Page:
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Pentanol has eight isomers as shown below. The circles represent carbon atoms that I think are equivalent.

enter image description here

Below there are eight DEPT-spectra that should represent these eight substances.

enter image description here

As you can see some won’t line up. What’s the problem?

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In an ideal non-moving world at $0\,\mathrm{K}$, every atom would give exactly one peak in NMR spectra. So the actual question is why some of these spectra have less signals. Partly this is due to local symmetry. If, e.g., two methyl groups are attached to the same carbon atom, these two are said to be chemically equivalent, i.e. one can rotate bonds to overlap one over the other. A different example of chemical equivalence is pentan-3-ol which you can rotate around the $\ce{C-OH}$ axis to give an almost identical molecule, putting the $\ce{CH2}$ groups on top of each other and the methyl groups, too.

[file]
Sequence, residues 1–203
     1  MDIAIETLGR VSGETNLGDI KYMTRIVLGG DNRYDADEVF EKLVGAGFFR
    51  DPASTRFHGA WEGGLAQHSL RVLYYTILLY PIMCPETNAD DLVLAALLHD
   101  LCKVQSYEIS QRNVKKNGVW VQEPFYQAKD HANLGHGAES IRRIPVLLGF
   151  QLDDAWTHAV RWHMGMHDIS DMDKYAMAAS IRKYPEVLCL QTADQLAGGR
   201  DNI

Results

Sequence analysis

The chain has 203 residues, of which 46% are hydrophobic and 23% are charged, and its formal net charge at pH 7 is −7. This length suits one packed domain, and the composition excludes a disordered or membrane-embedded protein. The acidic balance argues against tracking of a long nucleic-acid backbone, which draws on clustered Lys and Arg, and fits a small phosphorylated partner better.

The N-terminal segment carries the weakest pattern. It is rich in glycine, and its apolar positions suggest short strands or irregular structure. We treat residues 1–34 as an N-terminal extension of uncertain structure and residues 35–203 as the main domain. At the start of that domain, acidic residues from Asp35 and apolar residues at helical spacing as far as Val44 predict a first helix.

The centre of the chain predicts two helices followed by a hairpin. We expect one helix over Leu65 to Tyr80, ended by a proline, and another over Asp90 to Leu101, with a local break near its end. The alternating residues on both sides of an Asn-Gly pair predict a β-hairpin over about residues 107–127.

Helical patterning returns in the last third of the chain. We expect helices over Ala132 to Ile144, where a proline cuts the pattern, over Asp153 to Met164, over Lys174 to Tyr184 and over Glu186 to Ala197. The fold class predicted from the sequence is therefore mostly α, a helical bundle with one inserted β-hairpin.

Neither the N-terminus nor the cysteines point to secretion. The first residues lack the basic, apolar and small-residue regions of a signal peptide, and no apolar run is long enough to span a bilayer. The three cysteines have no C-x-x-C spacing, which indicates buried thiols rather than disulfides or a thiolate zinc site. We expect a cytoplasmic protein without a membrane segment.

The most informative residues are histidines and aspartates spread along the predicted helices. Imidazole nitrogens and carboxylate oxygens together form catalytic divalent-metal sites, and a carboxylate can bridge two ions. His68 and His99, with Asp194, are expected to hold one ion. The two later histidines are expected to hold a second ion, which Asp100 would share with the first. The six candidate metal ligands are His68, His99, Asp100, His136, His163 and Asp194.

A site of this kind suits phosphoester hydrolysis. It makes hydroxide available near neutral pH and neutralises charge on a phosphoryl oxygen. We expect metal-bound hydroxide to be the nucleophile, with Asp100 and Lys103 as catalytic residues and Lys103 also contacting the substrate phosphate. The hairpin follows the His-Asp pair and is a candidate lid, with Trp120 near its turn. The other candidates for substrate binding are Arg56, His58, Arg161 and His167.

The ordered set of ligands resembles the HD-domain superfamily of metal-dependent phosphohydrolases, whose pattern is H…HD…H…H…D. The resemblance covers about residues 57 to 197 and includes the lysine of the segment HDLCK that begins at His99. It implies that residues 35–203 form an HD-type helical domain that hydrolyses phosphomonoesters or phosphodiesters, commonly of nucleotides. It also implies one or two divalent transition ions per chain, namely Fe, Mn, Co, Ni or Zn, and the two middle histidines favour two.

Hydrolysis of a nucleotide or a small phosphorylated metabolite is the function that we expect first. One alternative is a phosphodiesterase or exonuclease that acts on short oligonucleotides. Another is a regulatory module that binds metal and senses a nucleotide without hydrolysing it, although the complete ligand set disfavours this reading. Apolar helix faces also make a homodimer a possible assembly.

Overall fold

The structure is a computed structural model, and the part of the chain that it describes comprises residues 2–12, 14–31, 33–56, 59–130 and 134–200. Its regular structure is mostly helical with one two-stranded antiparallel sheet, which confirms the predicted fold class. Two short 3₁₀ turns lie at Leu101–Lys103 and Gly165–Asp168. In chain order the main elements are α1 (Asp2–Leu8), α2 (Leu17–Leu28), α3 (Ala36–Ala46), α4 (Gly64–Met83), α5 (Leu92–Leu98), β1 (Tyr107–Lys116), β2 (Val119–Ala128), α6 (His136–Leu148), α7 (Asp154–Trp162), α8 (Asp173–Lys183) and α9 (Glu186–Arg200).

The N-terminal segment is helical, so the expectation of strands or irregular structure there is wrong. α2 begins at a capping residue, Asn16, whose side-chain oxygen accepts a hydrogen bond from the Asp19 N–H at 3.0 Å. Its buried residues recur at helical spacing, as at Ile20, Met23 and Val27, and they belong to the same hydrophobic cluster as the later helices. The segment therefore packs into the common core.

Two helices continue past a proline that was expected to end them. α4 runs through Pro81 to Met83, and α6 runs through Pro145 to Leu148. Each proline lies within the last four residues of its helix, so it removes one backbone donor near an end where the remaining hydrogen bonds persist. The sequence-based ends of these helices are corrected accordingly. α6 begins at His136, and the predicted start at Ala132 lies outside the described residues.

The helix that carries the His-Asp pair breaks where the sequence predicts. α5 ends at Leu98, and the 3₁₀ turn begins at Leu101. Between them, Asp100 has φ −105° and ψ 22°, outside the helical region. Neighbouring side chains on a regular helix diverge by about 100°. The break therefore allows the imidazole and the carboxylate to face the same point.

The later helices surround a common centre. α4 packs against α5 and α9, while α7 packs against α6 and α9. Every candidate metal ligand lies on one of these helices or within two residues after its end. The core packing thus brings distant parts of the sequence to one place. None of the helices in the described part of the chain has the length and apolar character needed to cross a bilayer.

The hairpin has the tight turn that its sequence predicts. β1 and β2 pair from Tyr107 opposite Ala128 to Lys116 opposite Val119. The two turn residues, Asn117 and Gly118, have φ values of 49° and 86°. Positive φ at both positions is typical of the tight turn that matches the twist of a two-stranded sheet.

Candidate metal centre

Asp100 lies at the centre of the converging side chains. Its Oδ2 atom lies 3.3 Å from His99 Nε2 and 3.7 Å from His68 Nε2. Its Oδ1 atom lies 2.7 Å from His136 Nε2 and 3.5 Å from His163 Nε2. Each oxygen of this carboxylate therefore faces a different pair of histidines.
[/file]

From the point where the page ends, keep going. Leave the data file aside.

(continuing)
With that, you did the circling right, and we should expect:

  • 3 spectra with five signals;
  • 3 spectra with four signals; and
  • 2 spectra with three signals.

However we see one spectrum with two signals and are lacking one with four signals. (And technically, if you look at spectrum 2 closely, that could be interpreted as having five signals, not four.)

In a standard $\ce{^{13}C}$-DEPT spectrum (i.e. the ones you showed), carbons from $\ce{CH}$ and $\ce{CH3}$ groups point upward and those from $\ce{CH2}$ groups downward — and there is your answer. There are carbons in the structures that do not have hydrogens bound to them and which thus do not show up in the DEPT spectra.

In case you’re interested, I will give you the appropriate IUPAC names of the pentanol isomers that were measured in the following spoiler tag.

  1. 2-methylbutan-2-ol. Carbon 2 cannot be seen.

  2. 3-methylbutan-2-ol. The two methyl groups at the end are not completely identical and thus give two signals.

  3. pentan-3-ol

  4. pentan-1-ol

  5. 2,2-dimethylpropan-1-ol. Carbon 2 cannot be seen.

  6. 2-methylbutan-1-ol

  7. pentan-2-ol

  8. 3-methylbutan-1-ol

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Assigning spectrum 2 to structure 7, the higher field methyl could be different if rotation is restricted aroud the CH-CH bond. Increasing temperature should collapse the two signals. Structure 8 should have only 2 signals, as spectrum 5 and structure 6 should have 3 as specrtum 1 as non-protonated carbons give no signal.

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